Court Allows Subrogation Action Against Sprinkler Installer and Inspector

Normally, a lawsuit which claims workers breached a contract must be brought within six (6) years of the date of the breach.  Thus, unfortunately, where a fire is caused by a worker’s wrongful act which occurred many years ago, often times a subrogation breach of contract action is barred by the statute of limitations.  A negligence action, however, can be brought within three (3) years of the date of loss.

In 1990, defendant “B” installed a fire sprinkler system in a restaurant.  A fire occurred in the restaurant in 2000 which caused serious damage.  In February 2003, the restaurant’s carrier brought a subrogation against “B,” alleging the sprinkler system was defective and failed to operate and prevent the damage to the restaurant.  “B” moved to dismiss the complaint based on statute of limitations, since the lawsuit was not filed within six (6) years of the 1990 installation.

The court rejected defendant’s argument.  Although the relationship between the parties had its “genesis” in contract, the services contracted for (i.e., fire sprinkler alarm installation) “had a significant impact on the public interest,” and therefore, the plaintiff carrier was not limited to a contract claim.  The court allowed plaintiff to proceed on a negligence theory, which had been timely filed (i.e., the lawsuit had been commenced within three (3) years of the 2000 fire [1].   Additionally, the court rejected defendant’s spoliation argument, since the alarm company had been given a full and fair opportunity to attend a joint invasive inspection of the evidence (but declined to do so).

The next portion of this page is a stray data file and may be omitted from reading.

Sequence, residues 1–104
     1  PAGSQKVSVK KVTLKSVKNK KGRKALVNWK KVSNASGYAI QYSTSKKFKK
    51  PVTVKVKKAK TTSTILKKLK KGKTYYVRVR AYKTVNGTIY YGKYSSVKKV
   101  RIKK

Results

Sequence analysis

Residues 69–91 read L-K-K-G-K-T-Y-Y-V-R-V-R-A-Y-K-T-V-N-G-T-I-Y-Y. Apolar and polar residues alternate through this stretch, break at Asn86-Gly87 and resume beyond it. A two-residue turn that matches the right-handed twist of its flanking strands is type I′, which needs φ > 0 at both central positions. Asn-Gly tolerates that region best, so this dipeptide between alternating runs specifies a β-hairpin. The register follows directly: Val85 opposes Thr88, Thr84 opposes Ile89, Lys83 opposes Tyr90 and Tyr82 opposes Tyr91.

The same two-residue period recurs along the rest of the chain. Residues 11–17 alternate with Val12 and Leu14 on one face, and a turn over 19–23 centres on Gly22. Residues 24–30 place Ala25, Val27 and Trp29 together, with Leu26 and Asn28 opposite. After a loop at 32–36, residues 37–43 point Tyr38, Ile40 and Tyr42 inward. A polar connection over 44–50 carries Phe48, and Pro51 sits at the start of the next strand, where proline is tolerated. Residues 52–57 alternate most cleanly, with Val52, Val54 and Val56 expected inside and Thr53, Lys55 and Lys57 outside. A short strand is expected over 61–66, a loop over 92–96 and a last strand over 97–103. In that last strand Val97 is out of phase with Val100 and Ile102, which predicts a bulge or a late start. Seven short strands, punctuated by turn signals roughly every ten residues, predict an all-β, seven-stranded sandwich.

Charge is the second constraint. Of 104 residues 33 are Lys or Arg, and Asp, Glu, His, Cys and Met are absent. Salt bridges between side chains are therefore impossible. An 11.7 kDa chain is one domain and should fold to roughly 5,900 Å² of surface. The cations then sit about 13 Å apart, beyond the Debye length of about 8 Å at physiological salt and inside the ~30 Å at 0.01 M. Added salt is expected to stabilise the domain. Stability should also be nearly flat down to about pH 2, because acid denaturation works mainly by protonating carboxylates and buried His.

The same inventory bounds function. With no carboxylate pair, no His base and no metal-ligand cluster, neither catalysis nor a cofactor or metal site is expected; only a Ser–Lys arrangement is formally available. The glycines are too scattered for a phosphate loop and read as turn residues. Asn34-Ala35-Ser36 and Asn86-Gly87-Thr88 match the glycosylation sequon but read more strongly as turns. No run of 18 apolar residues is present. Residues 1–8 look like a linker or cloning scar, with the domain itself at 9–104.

The court relied on a 1992 Court of Appeals case in which an alarm company allegedly failed to transmit a fire alarm to the fire department [2].   In that case, the alarm company argued their liability was limited to only $250, as per their written contract with the building owner [3].   The high court rejected this argument, finding that an alarm company cannot use a contract to shield itself from liability for gross negligence, which the court defined as “conduct evincing a reckless disregard for its customers' rights.”   An alarm contract can shield liability for mere “mistakes” by the alarm company, a contract cannot shield liability for gross negligence.

Bottom Line:  Don’t lose heart because your insured signed a contract which appears to limit a wrongdoer’s liability.  New York law forbids one from shielding itself from liability due to “gross negligence.”  Further, where an alarm system is involved, public policy considerations may permit you to subrogate and proceed on a negligence theory.


[1] General Security a/s/o Global 33 v. Buckmiller, 2008 App. Div. LEXIS 3444 *=(4/22/08)
[2] Sommer v. Federal Signal Corp., 79 NY2d 540 (1992)
[3] Allegedly due to the failure to transmit the alarm, the building (a 42-story Manhattan skyscraper) suffered $7 million in damages.

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